Posted by on Dec 3, 2012 in |

This artificial agent has been crafted from a potent mix of technical and social skills. In an era where high-end assistive technology systems are being developed to address the rapidly ageing populations of wealthier nations, the planet’s technology and economic divide is becoming ever more flagrant. Meanwhile, activities like begging are increasingly repressed in societies unwilling to recognise this grim reality. The Beggar Robot encapsulates and polarises these issues with its “friendly strategy of resistance” (Sedlacek). The machine stands as an unintimidating, gently pained presence close to the distributor machines and services of generic urban shopping centres. Built from entirely recycled parts, using a Linux operating system and licensed under Creative Commons, the robot was designed to be duplicated and upgraded by those who see its social utility. There is something oddly beguiling in its naïve request for money to distribute to the poor, as it extends small “hands” controlled by an open-close disc driver mechanism. Similarly, its discreet thank you and overall attitude of deference disarm people in the streets, who tend to stop and give openly in response to solicitation that is refreshingly free of the distressing presence of a human beggar. Beggar Robot is a truly international agent, its 1.01 version technical specifications allow compatibility with power and TV supply standards worldwide. Sedlacek’s plan to mass produce Beggar Robots in the largest recycling dumps of the Third World confirms his vision of quietly yet radically effective socio-technological activism.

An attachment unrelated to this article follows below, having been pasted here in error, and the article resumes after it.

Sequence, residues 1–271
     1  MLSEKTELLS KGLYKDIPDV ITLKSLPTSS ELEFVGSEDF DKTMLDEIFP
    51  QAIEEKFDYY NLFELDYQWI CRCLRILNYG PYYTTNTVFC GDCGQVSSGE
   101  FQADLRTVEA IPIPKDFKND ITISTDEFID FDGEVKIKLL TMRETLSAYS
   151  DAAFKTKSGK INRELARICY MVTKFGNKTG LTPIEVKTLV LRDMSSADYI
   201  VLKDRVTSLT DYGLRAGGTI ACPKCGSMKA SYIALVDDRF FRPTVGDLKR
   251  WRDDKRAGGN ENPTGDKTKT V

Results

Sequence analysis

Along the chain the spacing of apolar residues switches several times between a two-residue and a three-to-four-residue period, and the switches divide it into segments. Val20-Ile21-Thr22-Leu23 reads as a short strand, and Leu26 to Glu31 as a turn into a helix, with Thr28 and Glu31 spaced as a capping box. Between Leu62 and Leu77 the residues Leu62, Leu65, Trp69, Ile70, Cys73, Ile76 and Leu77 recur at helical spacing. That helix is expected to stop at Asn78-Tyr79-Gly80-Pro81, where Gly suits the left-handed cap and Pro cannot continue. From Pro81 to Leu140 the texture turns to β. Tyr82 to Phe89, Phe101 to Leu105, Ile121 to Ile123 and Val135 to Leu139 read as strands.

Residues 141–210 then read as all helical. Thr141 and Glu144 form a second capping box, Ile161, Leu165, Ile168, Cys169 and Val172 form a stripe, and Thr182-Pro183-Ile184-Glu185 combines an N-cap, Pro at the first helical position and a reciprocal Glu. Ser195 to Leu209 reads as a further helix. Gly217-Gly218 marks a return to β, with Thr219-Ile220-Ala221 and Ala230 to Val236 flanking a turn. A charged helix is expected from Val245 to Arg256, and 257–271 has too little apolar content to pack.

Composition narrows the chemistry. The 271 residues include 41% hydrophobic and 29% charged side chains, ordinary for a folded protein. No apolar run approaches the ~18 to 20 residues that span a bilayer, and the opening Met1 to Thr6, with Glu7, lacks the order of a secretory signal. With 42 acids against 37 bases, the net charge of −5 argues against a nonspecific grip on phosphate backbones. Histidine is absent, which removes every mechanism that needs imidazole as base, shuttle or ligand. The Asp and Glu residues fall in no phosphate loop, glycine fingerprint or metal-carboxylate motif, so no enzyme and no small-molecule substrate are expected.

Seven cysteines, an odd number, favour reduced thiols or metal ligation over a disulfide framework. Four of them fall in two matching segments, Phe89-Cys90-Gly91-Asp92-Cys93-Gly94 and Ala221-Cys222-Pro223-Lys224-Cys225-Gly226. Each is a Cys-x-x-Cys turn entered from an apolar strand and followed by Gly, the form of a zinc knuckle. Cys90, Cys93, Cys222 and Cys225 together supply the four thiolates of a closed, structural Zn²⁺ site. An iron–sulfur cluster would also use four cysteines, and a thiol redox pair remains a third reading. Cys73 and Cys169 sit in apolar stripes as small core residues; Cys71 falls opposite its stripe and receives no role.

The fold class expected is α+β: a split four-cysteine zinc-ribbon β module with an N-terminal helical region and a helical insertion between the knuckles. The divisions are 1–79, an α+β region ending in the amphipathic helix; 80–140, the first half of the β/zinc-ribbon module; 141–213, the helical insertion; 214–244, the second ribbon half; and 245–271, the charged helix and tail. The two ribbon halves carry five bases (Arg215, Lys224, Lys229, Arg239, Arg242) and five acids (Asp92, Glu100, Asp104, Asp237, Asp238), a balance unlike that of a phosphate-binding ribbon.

About the author

Born 1974 in Slovenia. Lives and works in Ljubljana, Slovenia. There are always niches in city space, in services, laws or even the outer space that people have forgotten or never have thought about. These niches are exactly what Sašo Sedlacek has been looking for. His primary interest seems to be things that people overlook and the ways they can be made useful once again. One might say that Sedlacek’s works result from a subversive re-cycling of scientific, legal or technological facts, employing DIY (do-it-yourself) and collaborative methods.
His work is in general defined with theories of disposal, with use and reuse of cheap technologies, waste materials and its recycling. His strategies and prototypes are usually interventions into public space, a sort of friendly strategy of resistance; instead of using typical political or ideological means for intervention he rather uses friendly strategies of convincing and reminding us that we live in a over commercialized world where do it yourself strategies, open source, common goods can be an alternative for a growing number of those who feel excluded, disposed or just unsatisfied with the mainstream.
His work doesn’t aim for big pompous solutions but rather makes small but concrete change in the society.  It shows us that individuals and groups have the potential to make small scale changes that can define their environment and influence other’s.

Among some of his most remarkable exhibitions are   “Ö-U Immobilien”, Seccesion, Vienna, Austria (2008) /  “Lost Territories”, Mala Gallery, Museum of Modern Art, Ljubljana, Slovenia (2008) / “Recycling strategies”, lju cosinus brx gallery, Brussels, Belgium (2007)